This regional gem has regularly scheduled recreational releases, and frequent power releases from Rio Dam. For the release schedule, see Eagle Creek Renewable Energy's Release Schedule.
Releases are 1 tube or barrel (about 500 cfs) and 2 tube (~1000 cfs). 1 tube requires more maneuvering but has less push making it easier for the less experienced. 2 covers a lot more of the rocks but gives holes and drops more power. As you'd expect with paddlers, opinions vary as to which is best or even easiest.
The only guidebook description is in Dennis Squires' "New York Exposed: The Whitewater State, Volume 2,", which (on p 140) describes the rapids as "pretty continuous class II and easy class III all the way down to the Delaware." (There was formerly a decent description on the now defunct Inland Surfing Association website. If anyone has access to its text, please contact the streamkeepers.) In general terms, while the gradient is fairly consistent on this reach, the rapids on the second half of the reach (below the lunch spot) are more sustained than on the upper portion. Save some energy for the rapids under the Route 97 bridge, which may be the most difficult on the river, and for the wave train at the confluence with the Delaware. Especially if the Delaware is high boat recovery after the wave train is a pain so think twice before letting beginners run it.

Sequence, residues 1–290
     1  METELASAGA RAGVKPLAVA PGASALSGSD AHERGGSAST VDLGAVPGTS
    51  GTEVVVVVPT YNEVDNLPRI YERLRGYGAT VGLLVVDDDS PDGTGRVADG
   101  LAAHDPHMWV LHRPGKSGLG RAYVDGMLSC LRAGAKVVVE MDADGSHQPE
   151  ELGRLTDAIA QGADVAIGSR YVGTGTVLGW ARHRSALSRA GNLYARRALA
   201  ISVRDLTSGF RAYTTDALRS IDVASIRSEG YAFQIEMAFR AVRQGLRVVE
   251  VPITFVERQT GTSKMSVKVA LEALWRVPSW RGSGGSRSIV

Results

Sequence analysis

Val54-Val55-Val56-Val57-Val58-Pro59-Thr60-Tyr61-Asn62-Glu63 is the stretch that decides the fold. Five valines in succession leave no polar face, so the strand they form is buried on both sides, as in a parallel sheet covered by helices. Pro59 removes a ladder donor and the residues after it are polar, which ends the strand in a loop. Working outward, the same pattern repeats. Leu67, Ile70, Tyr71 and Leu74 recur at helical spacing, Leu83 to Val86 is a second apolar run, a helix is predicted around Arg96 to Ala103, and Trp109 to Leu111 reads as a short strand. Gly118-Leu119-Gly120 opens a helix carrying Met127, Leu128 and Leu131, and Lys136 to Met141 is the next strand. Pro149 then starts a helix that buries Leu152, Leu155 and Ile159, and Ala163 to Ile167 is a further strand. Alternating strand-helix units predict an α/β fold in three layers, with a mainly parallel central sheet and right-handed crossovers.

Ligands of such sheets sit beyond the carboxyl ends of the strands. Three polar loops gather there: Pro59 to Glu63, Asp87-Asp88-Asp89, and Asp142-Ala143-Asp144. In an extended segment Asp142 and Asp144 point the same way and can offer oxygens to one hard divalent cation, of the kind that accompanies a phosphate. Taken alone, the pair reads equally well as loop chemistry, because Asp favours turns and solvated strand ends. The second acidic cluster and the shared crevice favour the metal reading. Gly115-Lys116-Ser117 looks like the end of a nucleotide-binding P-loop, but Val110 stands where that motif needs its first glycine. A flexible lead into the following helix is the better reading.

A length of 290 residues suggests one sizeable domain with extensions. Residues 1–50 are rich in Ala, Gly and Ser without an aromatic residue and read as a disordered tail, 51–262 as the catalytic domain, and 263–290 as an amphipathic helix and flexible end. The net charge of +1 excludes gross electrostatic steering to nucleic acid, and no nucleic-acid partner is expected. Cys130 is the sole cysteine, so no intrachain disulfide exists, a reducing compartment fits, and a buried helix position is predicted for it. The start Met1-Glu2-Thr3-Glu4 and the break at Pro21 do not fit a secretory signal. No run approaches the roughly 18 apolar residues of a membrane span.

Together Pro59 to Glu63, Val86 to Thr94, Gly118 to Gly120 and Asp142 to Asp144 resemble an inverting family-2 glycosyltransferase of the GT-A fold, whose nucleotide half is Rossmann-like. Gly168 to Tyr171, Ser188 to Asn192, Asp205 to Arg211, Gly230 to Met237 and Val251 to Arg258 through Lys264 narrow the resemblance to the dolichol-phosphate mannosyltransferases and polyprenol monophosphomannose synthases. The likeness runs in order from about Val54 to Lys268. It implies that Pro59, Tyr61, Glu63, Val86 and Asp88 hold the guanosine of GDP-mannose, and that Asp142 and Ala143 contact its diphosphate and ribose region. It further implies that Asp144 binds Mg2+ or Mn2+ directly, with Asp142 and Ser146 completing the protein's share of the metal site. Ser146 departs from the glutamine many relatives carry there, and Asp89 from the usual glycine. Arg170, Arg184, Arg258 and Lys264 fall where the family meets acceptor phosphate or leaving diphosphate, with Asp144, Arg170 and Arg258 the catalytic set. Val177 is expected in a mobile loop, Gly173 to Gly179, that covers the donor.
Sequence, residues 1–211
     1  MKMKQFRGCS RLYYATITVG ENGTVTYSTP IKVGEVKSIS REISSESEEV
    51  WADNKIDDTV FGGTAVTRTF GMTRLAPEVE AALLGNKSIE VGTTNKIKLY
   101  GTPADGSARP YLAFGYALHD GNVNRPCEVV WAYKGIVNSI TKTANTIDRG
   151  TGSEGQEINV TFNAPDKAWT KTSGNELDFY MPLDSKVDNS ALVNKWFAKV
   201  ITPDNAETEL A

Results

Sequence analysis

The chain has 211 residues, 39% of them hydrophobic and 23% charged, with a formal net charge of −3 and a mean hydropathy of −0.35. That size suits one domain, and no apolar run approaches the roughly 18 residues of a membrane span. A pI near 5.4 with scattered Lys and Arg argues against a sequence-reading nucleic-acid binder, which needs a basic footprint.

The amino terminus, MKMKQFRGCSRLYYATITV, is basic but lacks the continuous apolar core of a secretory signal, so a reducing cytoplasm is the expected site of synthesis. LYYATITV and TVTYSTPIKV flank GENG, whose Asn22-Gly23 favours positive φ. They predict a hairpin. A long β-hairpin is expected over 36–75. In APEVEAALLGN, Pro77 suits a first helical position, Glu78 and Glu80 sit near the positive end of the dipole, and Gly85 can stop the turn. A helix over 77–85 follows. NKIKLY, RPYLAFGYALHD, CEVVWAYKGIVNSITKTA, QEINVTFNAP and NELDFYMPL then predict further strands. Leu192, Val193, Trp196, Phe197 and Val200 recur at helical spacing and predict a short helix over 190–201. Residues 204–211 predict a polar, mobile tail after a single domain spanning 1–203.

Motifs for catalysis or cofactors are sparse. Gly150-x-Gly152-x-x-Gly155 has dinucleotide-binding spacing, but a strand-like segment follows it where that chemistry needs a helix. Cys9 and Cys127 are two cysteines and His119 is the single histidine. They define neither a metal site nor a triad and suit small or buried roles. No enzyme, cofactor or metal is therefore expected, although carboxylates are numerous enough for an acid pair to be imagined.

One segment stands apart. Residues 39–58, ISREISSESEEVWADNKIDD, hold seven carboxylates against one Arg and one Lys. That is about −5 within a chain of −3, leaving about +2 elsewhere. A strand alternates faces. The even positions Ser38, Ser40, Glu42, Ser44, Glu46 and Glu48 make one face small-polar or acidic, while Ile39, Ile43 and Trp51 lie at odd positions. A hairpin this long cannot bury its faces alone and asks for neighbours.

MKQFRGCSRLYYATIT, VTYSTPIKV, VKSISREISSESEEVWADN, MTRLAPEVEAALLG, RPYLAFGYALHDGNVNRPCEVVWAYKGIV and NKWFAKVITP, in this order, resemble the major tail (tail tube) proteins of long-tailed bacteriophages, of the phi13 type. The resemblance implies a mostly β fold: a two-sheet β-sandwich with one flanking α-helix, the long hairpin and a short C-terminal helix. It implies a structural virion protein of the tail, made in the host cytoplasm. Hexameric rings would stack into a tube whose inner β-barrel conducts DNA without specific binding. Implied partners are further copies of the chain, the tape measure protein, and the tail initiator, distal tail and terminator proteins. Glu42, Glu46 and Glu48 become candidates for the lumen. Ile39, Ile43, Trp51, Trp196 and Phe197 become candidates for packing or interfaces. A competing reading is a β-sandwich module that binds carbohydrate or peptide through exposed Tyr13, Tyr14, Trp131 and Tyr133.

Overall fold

If you still have energy, the Mongaup Wave is a short distance down the Delaware on river right though it ain't what it used to be.
There are several takeouts. The first one is on river right above the Route 97 Bridge, and avoids the Bridge Rapid and also avoids a significant carry as you can bring the car within 50 feet of the river. There is a good takeout along the Delaware above the confluence. To reach it, eddy out on the right at the confluence and head up the left (your right as you face upstream) bank of the Delaware. The takeout is a short distance up on your right. A path leads to the DEC Parking Lot. The takeout for the Mongaup Wave is a sandy beach on the left bank of the Delaware, visible from the wave.
This is not a beginner's run. First-time Mongaup paddlers would be well advised to hook up with friends who've done it before, or make contact with experienced local paddlers on the Lehigh Valley Canoe Club Forum or KCCNY both of which run trips for most releases.
Power releases occur frequently on the Rio Reach. One rule of thumb that is frequently cited is that if the temps are over 100 degrees in NYC, the Mongaup will release at 870 cfs, if there is enough water in the system. Realistically, on hotter days and wetter seasons they release a lot during the week and comparing recent releases and temperatures can give you a guess. Unfortunately for paddlers, power demands are lower on weekends so they seldom have weekend power releases.